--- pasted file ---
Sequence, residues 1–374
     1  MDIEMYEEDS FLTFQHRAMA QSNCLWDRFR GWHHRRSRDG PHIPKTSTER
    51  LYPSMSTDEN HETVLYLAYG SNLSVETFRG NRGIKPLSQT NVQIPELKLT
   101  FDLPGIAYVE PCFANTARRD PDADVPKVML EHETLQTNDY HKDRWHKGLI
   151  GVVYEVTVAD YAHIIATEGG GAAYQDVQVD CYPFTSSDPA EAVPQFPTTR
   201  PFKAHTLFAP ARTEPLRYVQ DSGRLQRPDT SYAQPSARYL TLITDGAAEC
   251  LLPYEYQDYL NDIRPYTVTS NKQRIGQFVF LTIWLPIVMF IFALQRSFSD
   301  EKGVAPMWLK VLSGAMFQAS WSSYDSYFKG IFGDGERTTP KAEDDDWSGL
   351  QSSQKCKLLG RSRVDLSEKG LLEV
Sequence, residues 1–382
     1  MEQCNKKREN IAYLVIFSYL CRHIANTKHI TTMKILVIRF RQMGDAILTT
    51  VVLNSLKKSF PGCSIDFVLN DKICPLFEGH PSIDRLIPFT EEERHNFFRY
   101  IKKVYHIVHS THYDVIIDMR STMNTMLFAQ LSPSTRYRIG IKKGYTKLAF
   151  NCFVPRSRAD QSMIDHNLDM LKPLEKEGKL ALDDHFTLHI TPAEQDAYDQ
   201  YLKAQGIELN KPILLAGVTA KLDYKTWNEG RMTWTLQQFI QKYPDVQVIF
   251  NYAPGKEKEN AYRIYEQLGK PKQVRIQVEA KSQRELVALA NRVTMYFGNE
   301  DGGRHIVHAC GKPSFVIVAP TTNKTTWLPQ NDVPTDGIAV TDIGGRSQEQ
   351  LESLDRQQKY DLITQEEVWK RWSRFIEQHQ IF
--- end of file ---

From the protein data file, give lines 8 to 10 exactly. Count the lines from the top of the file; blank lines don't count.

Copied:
   301  EKGVAPMWLK VLSGAMFQAS WSSYDSYFKG IFGDGERTTP KAEDDDWSGL
   351  QSSQKCKLLG RSRVDLSEKG LLEV
Sequence, residues 1–382